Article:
As soon as the professor in the Suffolk University Master’s of Business Administration course took roll call in September 2007, the cat was out of the bag:
Thomas Demakes? Here.
Elias Demakes? Here.
Timothy Demakes? Here.
Andrew Demakes? Here.
Not that patriarch Tom, 69, and his three thirtysomething sons, who graduated this May from the Boston school's five-year night MBA program, were trying to keep their kinship under wraps.
(MORE: Male Entrepreneurs Can Learn a Lot From Women)
MBAs for the Family
Tom thought an MBA would help the Demakes clan get better at running their fourth-generation meat manufacturing business, Old Neighborhood Foods in Lynn, Mass. (The family also owns Thin ‘N Trim, a sister company that sells low-fat, low-sodium deli foods, chicken sausage and chicken hot dogs.)
And yet, being in the same classroom with Dad “could be embarrassing,” recalls Elias, a sales manager like his brothers. “My father says what he wants when he wants, and there were times I’d start to sink under my chair!”
But other students in the class were envious, telling the Demakes sons they'd love to get a degree with members of their own families.
Make that degrees.
A History of Enrolling Together
The four Demakes men have previously taken a real estate appraiser’s degree program as well as one in commercial real estate.
Why the focus on real estate if meat is their bread and butter, so to speak?
Tom insisted that the “kids,” as he calls them, work for someone else before joining Old Neighborhood Foods, and they all chose real estate, commercial and residential. (Tom also owns investment property.)
Although his sons grew up working at his plant every summer, Tom didn’t want to pressure them into coming into the business, the way his dad did in 1967 when Tom returned from Vietnam. Timothy and Andrew joined Old Neighborhood Foods around the time they started the MBA program; Elias began there two years ago.
The businesses currently bring in annual sales of nearly $100 million. They have 375 employees at two locations, supplying more than 100 products to supermarket chains, hospitals, restaurants and sandwich shops.
(MORE: 4 Ways to Bridge the Financial Gap to an Encore Career)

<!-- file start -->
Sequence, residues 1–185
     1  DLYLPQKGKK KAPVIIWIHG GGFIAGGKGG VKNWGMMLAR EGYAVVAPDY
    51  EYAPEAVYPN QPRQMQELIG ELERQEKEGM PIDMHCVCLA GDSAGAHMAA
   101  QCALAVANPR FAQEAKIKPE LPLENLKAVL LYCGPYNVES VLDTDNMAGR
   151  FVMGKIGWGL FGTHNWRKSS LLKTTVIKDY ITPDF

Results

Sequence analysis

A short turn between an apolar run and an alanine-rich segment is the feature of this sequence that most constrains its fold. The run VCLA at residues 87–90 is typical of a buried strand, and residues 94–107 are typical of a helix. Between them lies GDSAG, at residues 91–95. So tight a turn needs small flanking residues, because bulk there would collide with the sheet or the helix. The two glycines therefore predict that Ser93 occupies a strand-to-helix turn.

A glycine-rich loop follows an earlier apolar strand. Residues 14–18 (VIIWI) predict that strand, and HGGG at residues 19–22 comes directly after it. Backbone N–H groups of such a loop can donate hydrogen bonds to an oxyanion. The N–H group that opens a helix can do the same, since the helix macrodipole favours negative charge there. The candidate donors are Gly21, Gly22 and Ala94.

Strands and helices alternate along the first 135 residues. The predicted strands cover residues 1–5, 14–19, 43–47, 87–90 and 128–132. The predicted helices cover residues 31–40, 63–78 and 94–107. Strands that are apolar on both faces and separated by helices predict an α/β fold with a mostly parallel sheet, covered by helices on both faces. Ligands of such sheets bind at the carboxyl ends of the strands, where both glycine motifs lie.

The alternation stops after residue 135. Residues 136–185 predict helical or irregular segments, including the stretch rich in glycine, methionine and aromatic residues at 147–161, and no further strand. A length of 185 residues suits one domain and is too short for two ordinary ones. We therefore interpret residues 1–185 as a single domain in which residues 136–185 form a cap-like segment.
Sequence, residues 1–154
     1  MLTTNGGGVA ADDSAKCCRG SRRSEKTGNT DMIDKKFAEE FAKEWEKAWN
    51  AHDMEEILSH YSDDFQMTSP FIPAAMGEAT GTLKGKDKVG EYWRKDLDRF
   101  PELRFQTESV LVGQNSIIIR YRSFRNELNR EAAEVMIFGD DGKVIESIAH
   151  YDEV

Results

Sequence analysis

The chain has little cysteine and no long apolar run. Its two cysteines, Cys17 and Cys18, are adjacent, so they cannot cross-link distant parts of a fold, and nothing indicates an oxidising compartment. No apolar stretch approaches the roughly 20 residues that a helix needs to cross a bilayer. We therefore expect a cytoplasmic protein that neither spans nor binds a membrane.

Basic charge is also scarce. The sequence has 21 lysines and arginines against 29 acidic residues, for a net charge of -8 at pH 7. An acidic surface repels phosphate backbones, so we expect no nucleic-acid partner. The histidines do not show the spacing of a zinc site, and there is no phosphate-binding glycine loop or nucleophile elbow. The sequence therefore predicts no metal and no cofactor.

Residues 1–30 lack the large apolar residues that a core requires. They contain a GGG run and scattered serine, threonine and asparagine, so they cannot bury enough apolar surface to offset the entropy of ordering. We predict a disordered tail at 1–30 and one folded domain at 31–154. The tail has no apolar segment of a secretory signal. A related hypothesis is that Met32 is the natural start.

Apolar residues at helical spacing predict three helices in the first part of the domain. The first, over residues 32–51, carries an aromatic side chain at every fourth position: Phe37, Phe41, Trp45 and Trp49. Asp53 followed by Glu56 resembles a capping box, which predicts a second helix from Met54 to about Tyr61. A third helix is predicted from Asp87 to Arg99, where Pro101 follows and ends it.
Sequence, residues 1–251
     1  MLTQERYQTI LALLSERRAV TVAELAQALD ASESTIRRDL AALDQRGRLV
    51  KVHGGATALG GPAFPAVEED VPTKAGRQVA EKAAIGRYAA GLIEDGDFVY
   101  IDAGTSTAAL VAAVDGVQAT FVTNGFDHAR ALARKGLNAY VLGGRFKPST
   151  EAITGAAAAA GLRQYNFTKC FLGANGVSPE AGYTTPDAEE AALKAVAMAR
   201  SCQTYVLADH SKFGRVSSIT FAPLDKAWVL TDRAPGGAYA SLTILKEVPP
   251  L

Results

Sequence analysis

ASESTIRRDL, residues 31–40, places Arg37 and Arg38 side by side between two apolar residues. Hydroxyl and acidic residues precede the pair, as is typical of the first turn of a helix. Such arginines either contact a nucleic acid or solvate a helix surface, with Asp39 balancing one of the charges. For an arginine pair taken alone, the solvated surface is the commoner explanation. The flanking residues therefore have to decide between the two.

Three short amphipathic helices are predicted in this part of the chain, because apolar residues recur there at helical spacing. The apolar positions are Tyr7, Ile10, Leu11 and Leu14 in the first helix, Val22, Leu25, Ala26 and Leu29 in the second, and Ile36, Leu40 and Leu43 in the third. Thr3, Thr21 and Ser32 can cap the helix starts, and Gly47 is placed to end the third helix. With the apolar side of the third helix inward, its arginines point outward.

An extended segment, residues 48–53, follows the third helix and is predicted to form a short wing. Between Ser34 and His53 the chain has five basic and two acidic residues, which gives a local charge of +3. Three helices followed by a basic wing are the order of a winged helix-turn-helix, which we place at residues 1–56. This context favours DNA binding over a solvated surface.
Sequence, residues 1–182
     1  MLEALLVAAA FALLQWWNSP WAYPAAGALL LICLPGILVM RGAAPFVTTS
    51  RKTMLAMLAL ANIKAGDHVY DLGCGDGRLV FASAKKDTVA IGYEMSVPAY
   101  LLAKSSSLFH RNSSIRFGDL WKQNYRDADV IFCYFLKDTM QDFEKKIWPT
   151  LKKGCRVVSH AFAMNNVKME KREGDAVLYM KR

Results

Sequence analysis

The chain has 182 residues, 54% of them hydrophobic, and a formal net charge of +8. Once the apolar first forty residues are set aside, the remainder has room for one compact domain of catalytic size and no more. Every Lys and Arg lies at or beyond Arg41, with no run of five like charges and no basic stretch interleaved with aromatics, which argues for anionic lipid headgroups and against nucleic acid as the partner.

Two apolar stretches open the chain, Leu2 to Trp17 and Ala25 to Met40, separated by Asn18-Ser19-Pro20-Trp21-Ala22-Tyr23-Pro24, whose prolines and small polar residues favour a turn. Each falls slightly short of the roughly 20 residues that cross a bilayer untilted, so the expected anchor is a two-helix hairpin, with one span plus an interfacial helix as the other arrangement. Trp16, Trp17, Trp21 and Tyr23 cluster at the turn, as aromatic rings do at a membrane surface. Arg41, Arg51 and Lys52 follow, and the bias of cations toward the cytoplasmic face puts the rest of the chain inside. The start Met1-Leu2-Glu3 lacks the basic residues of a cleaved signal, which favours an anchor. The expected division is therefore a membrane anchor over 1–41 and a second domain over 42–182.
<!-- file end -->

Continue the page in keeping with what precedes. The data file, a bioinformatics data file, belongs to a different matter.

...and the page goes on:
Tom led the charge for the gang to get their latest degree, paid for by their company. He has long insisted that they continue learning every chance they can. “My father is the consummate professor,” says Elias. “You can’t just hang out and relax!”
Business School vs. Real Life
Tom, who graduated from William & Mary, was intrigued by the Suffolk MBA program because he wanted to know what business school taught these days and how the curriculum related to real-world experience.
His conclusion about the instruction: “Some is a little idealistic, some is spot-on.”
Tom also wanted an MBA so he’d stay in step with the current business environment and his employees.
“I have a lot of younger people working here," he says. "By going to school with hundreds of men and women like my kids, I got a sense of how they think and what is important to them.”
Not in the Curriculum
The Demakes took the same entrepreneurial and branding courses, sat in the same classrooms, were often on the same teams and worked on papers together. In one marketing class, they met an advertising CEO who wound up redesigning their websites.
One subject not in the curriculum: complaining.
Although the brothers sometimes found it tough to juggle full-time work and academics, they knew they couldn’t grouse to their dad about it.
Andrew says that while they were taking one or two classes a week, “we traveled a lot and sometimes we were tired. We would do whining and moaning on our own. But with my father, it’s not much of an option.”
How Their MBAs Helped
Ideas picked up in the MBA classes led the Demakes clan to rethink ways to sell current products and come up with new ones.
For instance, they previously sold shaved steak only to sandwich shops, restaurants and food service institutions. Now they’re offering it in supermarkets, too. “Business school reinforces ways to grow business and extend your brand,” says Elias.
The Demakeses say that getting their Suffolk MBA together deepened their bonds with one another.
“Business school has given me a chance to know my sons better and for them to know me better,” says Tom.
Marill Demakes, Tom’s wife of 35 years, is fiercely proud of her husband and their kids.
“When have you ever heard of a father and three sons going to grad school together?” she asks. “It’s very inspiring.”
Another Degree Ahead?
Now, with their freshly minted MBAs, Tom is floating a new idea: Why don't he and his sons all go to law school?
Elias is intrigued. “Being able to represent my own company would be quite a feat and an asset to our business,” he says. “But I’m not sure my father will be able to get my brothers on board!”
If history is any guide, the four of them may soon be sitting in another classroom.
Next Avenue Editors Also Recommend:
- Why You Need a ‘Reverse Mentor’ at Work
- The Good News About Women Working After 60
- How to Find Firms That Value Older Workers
- Why I Went Back to College
Next Avenue is bringing you stories that are not only motivating and inspiring but are also changing lives. We know that because we hear it from our readers every single day. One reader says,
"Every time I read a post, I feel like I'm able to take a single, clear lesson away from it, which is why I think it's so great."
Your generous donation will help us continue to bring you the information you care about. What story will you help make possible?